From a Mark Shea post back on April 15:
Fast forward a quarter of a year:
What few outsiders realized, however, was how much turmoil all the hoopla was causing at the company itself. To begin with, Gravity was simply unprepared for the onslaught of emails, Facebook posts and phone calls. The attention was thrilling, but it was also exhausting and distracting. And with so many eyes focused on the firm, some hoping to witness failure, the pressure has been intense.
More troubling, a few customers, dismayed by what they viewed as a political statement, withdrew their business. Others, anticipating a fee increase — despite repeated assurances to the contrary — also left. While dozens of new clients, inspired by Mr. Price’s announcement, were signing up, those accounts will not start paying off for at least another year. To handle the flood, he has already had to hire a dozen additional employees — now at a significantly higher cost — and is struggling to figure out whether more are needed without knowing for certain how long the bonanza will last.
Two of Mr. Price’s most valued employees quit, spurred in part by their view that it was unfair to double the pay of some new hires while the longest-serving staff members got small or no raises. Some friends and associates in Seattle’s close-knit entrepreneurial network were also piqued that Mr. Price’s action made them look stingy in front of their own employees.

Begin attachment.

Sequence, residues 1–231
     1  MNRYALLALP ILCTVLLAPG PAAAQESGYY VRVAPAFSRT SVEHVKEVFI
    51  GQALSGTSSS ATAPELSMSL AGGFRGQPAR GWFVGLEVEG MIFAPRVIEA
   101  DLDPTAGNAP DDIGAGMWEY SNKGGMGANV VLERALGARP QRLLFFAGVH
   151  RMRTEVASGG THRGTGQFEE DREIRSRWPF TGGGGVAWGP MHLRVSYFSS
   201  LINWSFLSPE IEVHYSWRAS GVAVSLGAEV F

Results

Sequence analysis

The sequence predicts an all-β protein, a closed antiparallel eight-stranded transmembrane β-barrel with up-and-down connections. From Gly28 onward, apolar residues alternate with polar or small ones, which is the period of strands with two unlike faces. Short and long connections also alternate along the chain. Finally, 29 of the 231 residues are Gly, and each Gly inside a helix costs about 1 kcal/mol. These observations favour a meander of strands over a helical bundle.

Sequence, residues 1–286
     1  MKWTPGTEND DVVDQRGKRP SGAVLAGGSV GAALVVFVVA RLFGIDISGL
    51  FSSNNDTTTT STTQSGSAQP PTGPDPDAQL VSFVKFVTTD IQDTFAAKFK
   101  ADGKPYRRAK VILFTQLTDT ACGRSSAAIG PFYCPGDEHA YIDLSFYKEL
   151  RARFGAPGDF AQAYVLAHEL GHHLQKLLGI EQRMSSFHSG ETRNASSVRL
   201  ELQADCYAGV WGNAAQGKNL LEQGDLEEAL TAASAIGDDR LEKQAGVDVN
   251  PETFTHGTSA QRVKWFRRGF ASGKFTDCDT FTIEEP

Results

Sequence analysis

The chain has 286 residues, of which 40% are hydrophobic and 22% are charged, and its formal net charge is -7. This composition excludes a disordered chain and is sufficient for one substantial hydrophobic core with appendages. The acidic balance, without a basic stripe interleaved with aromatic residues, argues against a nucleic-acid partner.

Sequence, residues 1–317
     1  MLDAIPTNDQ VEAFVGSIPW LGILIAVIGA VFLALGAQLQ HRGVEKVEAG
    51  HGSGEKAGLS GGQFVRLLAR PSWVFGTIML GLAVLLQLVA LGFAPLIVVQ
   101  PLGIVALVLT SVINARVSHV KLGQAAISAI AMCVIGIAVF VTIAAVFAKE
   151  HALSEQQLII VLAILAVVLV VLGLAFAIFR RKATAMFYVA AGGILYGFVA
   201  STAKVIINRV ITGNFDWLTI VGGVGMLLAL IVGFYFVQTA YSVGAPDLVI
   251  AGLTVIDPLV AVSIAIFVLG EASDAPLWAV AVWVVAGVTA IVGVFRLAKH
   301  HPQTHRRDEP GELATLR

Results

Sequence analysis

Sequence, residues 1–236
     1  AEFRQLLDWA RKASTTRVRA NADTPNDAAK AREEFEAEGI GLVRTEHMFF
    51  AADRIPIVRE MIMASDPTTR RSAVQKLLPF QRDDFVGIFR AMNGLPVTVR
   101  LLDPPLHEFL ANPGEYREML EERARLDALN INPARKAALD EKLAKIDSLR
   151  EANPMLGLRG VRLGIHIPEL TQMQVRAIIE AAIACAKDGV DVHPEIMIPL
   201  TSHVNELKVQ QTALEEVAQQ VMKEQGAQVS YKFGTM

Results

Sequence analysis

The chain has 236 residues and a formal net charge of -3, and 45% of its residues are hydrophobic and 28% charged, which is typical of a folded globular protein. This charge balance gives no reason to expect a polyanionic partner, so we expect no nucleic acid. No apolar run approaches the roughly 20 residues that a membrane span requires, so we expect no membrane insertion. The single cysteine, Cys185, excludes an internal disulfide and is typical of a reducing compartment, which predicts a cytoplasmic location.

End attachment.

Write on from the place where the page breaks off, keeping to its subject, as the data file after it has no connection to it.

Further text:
Then potentially the worst blow of all: Less than two weeks after the announcement, Mr. Price’s older brother and Gravity co-founder, Lucas Price, citing longstanding differences, filed a lawsuit that potentially threatened the company’s very existence. With legal bills quickly mounting and most of his own paycheck and last year’s $2.2 million in profits plowed into the salary increases, Dan Price said, “We don’t have a margin of error to pay those legal fees.”
Go here to read the rest. Contrary to those who believe in the economics of make believe, there is a reason why employees in a business are paid at different levels, based on experience, skills and what they can add to an enterprise. Employers, governments or bloggers who seek to ignore such basic economics do so at their peril. Go here ,where my co-blogger Darwin Catholic has two outstanding posts on this issue, to read more on this topic.